Sables flies under the radar amidst the masculine selection chez Annick Goutal, despite the fact that Harrison Ford is supposedly an ardent fan. I guess he's considered "old man" by now and not as hip for a celebrity endorsement. But Sables shouldn't suffer from malrecognition; this is an especially brilliant composition and a unique one at the time of its launch, in 1985. The burnt sugar aspect of helichrysum ~known also as immortelle or everlasting flower~ with its shades of curry, maple syrup and fenugreek aromata make this fragrance one of the most distinctive not only in the Goutal canon, but in general. The onle fragrance more daringly infused with this spicy-caramelic note is Eau Noire in the private line of Dior colognes, composed by Francis Kurkdjian (A scent for which designer Karl Lagerfeld is crazy about!). Asmar by So Oud (launched in 2010) is closer to Sables, although not exactly the same.
Immortelle is an aquired taste for sure. Not everyone feels comfortable smelling like Indian food and helichrysum italicum is called "the curry plant" by some. Still, the initially spicy fenugreek nuances (somewhat mentholated and bitter inky, like in good old Fernet-Branca digestif) in Goutal's Sables are mollified towards the caramelised smoky spectrum; a whiff of pyrazines and malt, for those who appreciate Jeux de Peau by Serge Lutens for instance. The curry note is joined by its conspirator in crime: cumin, with its perceived sweaty aspect, and by a little pepper. Yet one cannot exactly categorise Sables as "dirty", "skanky" or spicy, but rather as smoky sweet and cozy in either winter or summer. In my own personal experience, Sables is a child of the sun and the warmth, and performs best in minute amounts put on the belly or behind the knees in the heat.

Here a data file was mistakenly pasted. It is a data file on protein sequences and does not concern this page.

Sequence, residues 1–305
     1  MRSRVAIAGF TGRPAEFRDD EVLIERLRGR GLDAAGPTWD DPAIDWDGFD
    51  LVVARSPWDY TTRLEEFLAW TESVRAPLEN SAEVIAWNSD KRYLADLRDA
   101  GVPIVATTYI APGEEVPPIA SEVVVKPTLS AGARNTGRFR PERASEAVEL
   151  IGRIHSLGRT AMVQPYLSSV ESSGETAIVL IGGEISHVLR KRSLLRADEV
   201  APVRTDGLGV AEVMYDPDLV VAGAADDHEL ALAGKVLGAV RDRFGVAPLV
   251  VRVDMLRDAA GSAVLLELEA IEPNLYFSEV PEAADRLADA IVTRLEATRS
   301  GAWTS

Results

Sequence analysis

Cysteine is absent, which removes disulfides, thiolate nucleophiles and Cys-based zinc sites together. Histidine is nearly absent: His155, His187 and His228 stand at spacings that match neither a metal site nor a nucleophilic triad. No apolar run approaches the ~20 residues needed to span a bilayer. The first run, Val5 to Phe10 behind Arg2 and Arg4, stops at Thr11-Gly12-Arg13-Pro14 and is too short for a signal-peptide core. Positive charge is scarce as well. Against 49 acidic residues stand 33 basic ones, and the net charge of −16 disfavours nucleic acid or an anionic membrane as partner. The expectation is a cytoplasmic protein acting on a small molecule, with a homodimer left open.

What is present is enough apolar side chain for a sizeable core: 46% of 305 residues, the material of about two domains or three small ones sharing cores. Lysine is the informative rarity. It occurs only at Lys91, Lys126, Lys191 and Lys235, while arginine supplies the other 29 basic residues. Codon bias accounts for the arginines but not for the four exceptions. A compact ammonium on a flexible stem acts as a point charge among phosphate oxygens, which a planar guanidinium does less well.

Contrary to the standard perception of Goutal scents being ethereal and fleeting, this one is particularly projecting, leaving a memorable trail and lasts very long, so beware of overdosing. It's definitely not intended to be used solely a masculine, although the saltier quota of male skin brings out the herbal and more ambery facets to the fore (much like in Ambre Sultan), while it's sweeter on women. The longer the fragrance stays on warm skin, the more it manifests those burnt sugar notes allied with milky, woody facets of sandalwood without ever becoming cloying. On the whole, Sables's kinship is more with a Lutensian oriental oeuvre, or a more powerful version of Cuir Béluga by Guerlain, than with the Indian dish intensity of Dior's Eau Noire where immortelle contrasts with the medicinal-caramelic ends of spectrum of natural lavender essence projecting a more rustic, rugged edge.
Sables saw the light of day after a journey in Corsica, imbued with the warm and spicy scent of wild immortelle. This fragrance is dedicated to men and women whose originality and subtlety make them just as they are–-that is, authentic. Annick Goutal created it especially for her husband, Alain, who played the violoncello, as a memento from a trip to the so-called Island of Beauty, where the scent of immortelle-sprinkled sand dunes had captured her mind.
To me Sables will always stand as the olfactory equivalent of a particular beach in Lesbos Island in Greece. It is a volcanic place, all hot springs and absolutely no fish in the water, a deserted sugar-like fine sandy beach near a fossiled forest. The warmth of the sun schorches the tree trunks laying in the background. A moment of eternity has just been mine and I can see the history of the earth in a long gaze...
Related reading on Perfume Shrine: Annick Goutal news & reviews, Immortelle: perfumery material, Pyrazines; maple & caramel notes, interview with perfumer Isabelle Doyen
helichrysum flowers pic via stopthatcat